How to Create, Maintain, and Stop Habits 

You know what habits are. You probably have a list of habits that you want to add to your daily routine or stop performing entirely. Identifying good and bad habits is not the hardest part of living with habits.

The hardest part of living with habits is creating them, maintaining them, and stopping them entirely. Not all strategies work for all habits, people, or lifestyles, so be sure to take a thorough look through all of the articles on this page that describe how to create habits, how to destroy habits, etc. 

Creating and Maintaining Habits 

Once you have identified a habit that you want to add to your routine, how do you make it a part of your day? One strategy requires that you understand three things:

  • Cue
  • Routine
  • Reward

The cue is the event or behavior that cues your brain to perform the habit. Is it the first of the month? Then it’s time to write the rent check. Is it New Year’s Eve? Then it’s time to write down a list of resolutions. 

Cues do not have to be an annual date or time. They can also be behaviors that are already a part of your routine. In Dr. BJ Fogg’s Tiny Habits, he refers to these behaviors as “anchors.” (It’s a great book on creating and sticking to habits - I highly recommend it!) Let these anchors be a “cue” for you to perform your new habit.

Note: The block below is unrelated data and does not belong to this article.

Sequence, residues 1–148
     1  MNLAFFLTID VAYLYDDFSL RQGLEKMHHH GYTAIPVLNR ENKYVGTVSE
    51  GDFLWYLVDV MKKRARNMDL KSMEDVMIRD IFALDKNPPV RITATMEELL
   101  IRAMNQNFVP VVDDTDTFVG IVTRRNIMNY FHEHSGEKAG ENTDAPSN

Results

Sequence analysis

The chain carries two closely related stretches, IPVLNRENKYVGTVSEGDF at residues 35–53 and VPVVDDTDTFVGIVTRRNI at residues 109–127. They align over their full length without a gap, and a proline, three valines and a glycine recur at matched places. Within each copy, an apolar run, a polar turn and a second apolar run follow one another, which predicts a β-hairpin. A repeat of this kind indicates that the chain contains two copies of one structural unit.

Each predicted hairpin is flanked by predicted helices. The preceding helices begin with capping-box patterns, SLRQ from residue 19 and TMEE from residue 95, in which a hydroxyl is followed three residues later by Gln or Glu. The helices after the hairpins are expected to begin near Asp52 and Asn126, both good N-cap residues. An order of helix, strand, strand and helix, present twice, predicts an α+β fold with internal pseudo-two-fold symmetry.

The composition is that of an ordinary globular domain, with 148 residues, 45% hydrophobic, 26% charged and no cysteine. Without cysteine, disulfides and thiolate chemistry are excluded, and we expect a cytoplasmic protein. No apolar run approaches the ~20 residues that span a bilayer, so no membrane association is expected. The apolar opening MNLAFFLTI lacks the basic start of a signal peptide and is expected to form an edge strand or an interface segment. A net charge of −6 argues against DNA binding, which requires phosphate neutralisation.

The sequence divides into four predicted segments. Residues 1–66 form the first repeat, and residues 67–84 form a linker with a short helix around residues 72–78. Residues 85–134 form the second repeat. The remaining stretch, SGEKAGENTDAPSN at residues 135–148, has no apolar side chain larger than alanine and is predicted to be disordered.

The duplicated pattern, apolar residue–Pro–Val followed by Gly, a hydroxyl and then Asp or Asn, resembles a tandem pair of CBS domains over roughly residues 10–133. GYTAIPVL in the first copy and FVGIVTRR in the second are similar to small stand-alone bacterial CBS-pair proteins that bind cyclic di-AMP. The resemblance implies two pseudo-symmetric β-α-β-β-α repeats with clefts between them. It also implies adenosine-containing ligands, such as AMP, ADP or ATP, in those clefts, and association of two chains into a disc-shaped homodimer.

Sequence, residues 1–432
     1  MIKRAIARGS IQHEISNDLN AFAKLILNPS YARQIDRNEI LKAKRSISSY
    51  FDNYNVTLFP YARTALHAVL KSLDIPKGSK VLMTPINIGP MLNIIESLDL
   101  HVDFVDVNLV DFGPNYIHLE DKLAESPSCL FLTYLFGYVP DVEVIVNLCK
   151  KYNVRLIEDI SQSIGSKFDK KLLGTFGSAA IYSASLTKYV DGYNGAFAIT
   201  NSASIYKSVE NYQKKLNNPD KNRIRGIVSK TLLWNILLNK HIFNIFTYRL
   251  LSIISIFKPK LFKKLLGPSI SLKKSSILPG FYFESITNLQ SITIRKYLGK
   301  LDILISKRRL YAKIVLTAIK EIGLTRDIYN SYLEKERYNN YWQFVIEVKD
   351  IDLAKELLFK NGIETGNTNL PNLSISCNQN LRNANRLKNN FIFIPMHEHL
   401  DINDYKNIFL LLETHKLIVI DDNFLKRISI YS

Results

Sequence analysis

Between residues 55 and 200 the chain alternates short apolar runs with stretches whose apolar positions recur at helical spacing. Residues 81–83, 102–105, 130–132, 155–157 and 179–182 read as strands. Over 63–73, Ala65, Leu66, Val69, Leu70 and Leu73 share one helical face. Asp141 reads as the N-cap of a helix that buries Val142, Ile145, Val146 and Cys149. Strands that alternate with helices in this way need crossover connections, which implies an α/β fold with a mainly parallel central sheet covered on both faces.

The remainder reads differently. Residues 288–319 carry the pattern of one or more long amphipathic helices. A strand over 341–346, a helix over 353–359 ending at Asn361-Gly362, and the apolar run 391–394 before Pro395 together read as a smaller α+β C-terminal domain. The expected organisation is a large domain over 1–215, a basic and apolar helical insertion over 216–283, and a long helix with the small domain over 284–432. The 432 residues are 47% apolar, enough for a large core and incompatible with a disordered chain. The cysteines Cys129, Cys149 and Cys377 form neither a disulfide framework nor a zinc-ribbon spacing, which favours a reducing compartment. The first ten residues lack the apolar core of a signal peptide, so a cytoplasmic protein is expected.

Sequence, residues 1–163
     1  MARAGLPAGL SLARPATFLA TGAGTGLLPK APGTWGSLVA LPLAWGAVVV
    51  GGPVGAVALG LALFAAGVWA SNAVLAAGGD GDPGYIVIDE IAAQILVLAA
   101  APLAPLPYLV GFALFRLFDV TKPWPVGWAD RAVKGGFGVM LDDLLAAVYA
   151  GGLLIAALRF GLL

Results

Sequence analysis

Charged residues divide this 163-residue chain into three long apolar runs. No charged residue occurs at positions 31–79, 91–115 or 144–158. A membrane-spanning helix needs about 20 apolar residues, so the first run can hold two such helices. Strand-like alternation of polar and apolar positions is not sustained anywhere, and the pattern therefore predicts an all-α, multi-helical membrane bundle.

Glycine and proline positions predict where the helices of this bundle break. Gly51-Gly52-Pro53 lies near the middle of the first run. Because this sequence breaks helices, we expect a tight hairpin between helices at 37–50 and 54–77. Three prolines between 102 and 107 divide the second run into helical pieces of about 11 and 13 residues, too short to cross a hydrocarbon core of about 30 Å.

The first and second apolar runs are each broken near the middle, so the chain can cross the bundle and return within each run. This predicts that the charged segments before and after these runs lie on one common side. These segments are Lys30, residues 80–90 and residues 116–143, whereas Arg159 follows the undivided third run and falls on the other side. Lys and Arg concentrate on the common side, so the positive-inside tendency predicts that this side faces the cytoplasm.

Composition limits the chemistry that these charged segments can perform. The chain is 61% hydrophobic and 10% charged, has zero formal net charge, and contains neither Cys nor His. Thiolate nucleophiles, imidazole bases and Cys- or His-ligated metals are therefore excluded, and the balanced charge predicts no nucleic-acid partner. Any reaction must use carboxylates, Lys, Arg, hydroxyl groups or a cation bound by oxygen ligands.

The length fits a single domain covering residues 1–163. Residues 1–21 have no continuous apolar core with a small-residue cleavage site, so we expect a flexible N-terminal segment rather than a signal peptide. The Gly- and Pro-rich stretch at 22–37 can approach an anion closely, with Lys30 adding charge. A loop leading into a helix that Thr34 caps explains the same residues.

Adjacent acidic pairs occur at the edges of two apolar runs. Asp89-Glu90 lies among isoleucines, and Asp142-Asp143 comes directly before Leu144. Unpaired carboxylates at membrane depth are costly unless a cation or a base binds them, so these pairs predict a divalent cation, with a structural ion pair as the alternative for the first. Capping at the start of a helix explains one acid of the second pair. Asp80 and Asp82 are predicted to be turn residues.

Examples of anchors and habits: 

  • Every time you come inside from walking the dog, you do the dishes.
  • Every time you shut down your work computer at the end of the day, you go for a run.
  • Whenever you finish your coffee, you pour a glass of water 

Pairing a cue with a routine is key to starting a habit. But how do you maintain a habit? You have to pair the routine with a reward. But if you ask a behavioral psychologist about this, they may correct you - instead of a “reward,” you need a “reinforcement.” 

Learning and Encouraging a New Habit

Behaviorists did not conduct experiments on dogs and rats in order to help people stop smoking. Their goals were much larger; they wanted to understand if our behaviors are learned or if they are genetic. The work of behaviorists, much like the work of many psychologists, goes back to nature vs. nurture. 

The answer to that debate is not clear, but what we do know about conditioning and behavior can be applied directly to habits. Behaviorists believed that tying behavior to a reinforcement (also known as a “reward”) will encourage you to continue performing that behavior. Once performing that behavior is second nature to a person, it is a habit that will be hard to break. 

As you set off to add more habits into your daily routine, consider this knowledge. Are you rewarding yourself for performing good behaviors, or are you struggling to perform them just so you can cross them off your list? Is physically crossing a task off your list enough of reinforcement, or do you need something more?